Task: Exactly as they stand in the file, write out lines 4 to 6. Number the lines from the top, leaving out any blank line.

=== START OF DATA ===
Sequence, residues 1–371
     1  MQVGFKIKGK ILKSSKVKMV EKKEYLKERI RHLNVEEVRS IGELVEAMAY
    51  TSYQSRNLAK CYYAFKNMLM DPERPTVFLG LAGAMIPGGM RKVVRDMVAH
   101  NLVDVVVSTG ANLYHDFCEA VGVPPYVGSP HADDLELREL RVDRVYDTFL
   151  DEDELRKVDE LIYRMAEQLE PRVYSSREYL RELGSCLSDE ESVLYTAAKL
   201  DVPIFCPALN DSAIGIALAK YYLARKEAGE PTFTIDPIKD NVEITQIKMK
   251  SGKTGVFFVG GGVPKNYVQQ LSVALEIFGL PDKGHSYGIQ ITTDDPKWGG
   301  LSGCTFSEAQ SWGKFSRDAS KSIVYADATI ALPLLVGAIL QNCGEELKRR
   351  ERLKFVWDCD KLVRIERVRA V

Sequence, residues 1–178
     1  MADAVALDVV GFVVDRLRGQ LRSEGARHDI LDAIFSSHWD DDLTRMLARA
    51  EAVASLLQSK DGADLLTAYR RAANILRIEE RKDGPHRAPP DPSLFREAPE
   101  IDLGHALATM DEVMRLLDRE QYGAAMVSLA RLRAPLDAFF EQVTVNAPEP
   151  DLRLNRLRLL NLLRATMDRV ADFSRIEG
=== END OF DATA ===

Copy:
   101  NLVDVVVSTG ANLYHDFCEA VGVPPYVGSP HADDLELREL RVDRVYDTFL
   151  DEDELRKVDE LIYRMAEQLE PRVYSSREYL RELGSCLSDE ESVLYTAAKL
   201  DVPIFCPALN DSAIGIALAK YYLARKEAGE PTFTIDPIKD NVEITQIKMK